The Archaeology of Irish Salt – Review of progress

The Archaeology of Salt Production project began in January 2014 and has now completed its two-year mission to identify the remains of all historic-era salt works around our coast. In the course of the national survey we identified over 400 sites dotted around every coastal county and surveyed around 70% of these. In many cases, and in parallel with the industry elsewhere, the sites of salt production were re-purposed (particularly in urban environments), destroyed, rendered unrecognisable or were difficult to locate accurately. Those that had been abandoned were sometimes robbed of building materials, or completely overgrown as nature had reclaimed them. In a few cases however substantial built structures survived, allowing us at least a partial glimpse into the architecture and components of a post-medieval salt working site. These sites demonstrated the varied nature of the industry in Ireland, ranging from (literally) a cottage industry through to purpose-built complexes with pan house, stores and accommodation.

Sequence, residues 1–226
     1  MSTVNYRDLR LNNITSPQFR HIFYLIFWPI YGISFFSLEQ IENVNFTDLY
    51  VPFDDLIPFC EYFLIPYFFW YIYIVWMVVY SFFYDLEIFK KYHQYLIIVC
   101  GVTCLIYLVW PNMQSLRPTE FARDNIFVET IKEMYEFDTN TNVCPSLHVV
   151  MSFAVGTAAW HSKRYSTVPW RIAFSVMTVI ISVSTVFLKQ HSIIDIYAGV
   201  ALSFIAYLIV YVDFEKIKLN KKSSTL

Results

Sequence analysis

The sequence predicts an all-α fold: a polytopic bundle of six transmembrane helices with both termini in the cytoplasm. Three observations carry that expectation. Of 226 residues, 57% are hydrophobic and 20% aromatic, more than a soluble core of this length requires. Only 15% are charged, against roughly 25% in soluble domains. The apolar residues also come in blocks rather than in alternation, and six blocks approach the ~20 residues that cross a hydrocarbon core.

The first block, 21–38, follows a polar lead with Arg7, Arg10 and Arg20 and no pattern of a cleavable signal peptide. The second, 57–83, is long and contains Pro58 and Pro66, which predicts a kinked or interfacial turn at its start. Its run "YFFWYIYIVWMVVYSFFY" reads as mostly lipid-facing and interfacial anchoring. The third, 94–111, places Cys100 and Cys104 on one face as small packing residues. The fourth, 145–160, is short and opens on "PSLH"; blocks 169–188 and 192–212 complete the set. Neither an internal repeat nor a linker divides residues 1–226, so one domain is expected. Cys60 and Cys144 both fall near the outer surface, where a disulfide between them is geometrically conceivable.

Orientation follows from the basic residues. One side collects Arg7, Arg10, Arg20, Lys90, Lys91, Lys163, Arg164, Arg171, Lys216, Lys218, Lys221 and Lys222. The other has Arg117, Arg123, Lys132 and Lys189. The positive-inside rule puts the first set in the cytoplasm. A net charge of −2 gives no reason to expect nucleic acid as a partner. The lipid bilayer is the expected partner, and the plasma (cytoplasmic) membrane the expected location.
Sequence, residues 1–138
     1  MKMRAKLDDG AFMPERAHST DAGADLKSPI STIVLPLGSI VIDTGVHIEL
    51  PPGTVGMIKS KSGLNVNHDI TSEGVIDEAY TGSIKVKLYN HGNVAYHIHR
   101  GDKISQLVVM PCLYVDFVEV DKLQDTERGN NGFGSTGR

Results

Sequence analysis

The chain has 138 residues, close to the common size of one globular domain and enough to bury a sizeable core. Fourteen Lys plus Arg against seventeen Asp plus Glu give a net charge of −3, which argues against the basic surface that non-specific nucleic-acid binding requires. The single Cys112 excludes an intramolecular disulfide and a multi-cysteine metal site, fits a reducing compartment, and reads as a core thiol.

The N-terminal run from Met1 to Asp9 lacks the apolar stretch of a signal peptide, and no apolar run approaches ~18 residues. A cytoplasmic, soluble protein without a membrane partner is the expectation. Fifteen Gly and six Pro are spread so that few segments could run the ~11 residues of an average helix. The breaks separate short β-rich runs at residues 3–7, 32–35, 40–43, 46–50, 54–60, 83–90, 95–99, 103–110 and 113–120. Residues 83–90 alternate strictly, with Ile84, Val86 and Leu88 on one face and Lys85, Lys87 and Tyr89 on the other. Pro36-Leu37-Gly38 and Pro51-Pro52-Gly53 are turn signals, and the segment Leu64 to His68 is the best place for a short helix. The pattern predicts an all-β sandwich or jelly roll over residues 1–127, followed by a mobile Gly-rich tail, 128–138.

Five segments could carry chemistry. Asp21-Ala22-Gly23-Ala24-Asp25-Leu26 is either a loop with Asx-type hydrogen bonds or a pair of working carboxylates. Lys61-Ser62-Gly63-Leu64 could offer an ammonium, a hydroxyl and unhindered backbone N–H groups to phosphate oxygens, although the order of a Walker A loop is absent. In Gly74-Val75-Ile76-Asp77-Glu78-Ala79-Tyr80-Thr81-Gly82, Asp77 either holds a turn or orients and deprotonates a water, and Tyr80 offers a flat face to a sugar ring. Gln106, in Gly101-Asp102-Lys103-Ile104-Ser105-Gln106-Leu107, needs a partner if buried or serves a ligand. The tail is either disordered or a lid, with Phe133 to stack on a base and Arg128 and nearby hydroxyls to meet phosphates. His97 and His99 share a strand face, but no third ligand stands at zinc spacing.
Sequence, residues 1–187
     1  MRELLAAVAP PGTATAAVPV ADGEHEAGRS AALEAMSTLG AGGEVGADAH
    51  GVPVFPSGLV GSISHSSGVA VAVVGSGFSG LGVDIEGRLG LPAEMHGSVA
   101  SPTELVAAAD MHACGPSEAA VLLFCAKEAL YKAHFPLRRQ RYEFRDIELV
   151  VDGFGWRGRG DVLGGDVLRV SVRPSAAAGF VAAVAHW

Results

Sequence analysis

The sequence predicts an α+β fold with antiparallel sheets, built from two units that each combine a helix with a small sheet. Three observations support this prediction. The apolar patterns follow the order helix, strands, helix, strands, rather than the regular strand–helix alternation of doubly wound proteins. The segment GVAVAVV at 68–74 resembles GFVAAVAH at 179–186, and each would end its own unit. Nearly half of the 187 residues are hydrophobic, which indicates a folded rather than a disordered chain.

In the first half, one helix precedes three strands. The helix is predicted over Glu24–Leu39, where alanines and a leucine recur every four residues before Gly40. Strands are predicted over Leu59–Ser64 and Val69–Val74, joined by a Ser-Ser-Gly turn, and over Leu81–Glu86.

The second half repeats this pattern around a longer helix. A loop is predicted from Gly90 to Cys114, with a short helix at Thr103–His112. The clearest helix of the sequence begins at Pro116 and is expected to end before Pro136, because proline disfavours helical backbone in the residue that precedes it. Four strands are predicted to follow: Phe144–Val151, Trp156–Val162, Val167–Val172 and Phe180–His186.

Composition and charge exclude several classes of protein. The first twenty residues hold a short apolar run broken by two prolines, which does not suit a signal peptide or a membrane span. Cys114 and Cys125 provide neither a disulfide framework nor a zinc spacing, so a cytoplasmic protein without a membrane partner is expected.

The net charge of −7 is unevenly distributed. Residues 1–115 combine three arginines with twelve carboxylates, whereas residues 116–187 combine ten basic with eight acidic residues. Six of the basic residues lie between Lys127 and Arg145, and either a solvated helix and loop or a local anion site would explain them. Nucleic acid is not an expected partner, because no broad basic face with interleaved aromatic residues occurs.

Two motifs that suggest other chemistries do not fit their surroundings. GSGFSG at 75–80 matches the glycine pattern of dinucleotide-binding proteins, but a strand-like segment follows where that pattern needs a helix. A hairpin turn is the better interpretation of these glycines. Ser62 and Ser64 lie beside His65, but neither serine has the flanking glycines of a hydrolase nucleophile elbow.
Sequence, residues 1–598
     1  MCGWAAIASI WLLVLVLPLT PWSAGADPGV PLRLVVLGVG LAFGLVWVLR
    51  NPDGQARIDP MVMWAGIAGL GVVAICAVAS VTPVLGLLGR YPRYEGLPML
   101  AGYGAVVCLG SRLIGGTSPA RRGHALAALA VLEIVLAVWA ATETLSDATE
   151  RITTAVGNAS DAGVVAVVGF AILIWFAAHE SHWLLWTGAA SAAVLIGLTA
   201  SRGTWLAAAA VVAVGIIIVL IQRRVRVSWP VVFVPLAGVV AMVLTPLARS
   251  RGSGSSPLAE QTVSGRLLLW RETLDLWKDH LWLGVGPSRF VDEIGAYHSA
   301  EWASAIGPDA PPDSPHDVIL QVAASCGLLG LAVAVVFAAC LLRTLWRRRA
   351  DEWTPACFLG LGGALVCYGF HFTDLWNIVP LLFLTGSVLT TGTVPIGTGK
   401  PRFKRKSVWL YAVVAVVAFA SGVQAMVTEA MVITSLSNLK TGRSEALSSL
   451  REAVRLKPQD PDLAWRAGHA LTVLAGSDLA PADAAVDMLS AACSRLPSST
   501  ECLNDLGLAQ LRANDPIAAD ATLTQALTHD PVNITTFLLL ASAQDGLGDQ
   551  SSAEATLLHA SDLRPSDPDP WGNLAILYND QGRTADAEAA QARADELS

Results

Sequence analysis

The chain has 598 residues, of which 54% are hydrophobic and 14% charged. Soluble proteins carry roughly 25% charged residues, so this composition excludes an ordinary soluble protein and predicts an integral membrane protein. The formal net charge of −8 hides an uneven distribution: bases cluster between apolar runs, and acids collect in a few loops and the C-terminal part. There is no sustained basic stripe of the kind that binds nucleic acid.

Streamstown, Co. Sligo

Streamstown, Co. Sligo

The excavation aspect of the project saw two sites revealed at Ballycastle in Co. Antrim. At the 17th-century salt works part of a complex was uncovered showing the use of local stone in a poorly constructed store at the top of the beach. Impoverished in artefactual remains, it revealed nevertheless that coal was the main fuel, and plentiful clinker indicated the remains of burning. The larger part of the complex lies under the 19th-century coalfield to the south and will be the focus of any future investigation. At the second, 18th-century site, the last known evaporation pans in Ireland were uncovered, recorded and reburied with added protection from the sea. This striking site demonstrated the increased sophistication in the industry by the time it was abandoned in the early 19th century.

????????????????????????????????????

The principle researchers at the Ballycastle pan.

The end of 2015 represents the end of active fieldwork; however post-excavation and post-survey work continues in tandem with some archival work. In addition, the all-important dissemination of results will continue through conferences, tours and publications. Although the blog site will now become quieter, we will be updating it with any key events or outputs from the project as they arise. Thanks for all the interest shown by readers to date – and Happy Christmas!

Advertisements

Leave a Reply

Fill in your details below or click an icon to log in:

WordPress.com Logo

You are commenting using your WordPress.com account. Log Out / Change )

Twitter picture

You are commenting using your Twitter account. Log Out / Change )

Facebook photo

You are commenting using your Facebook account. Log Out / Change )

Google+ photo

You are commenting using your Google+ account. Log Out / Change )

Connecting to %s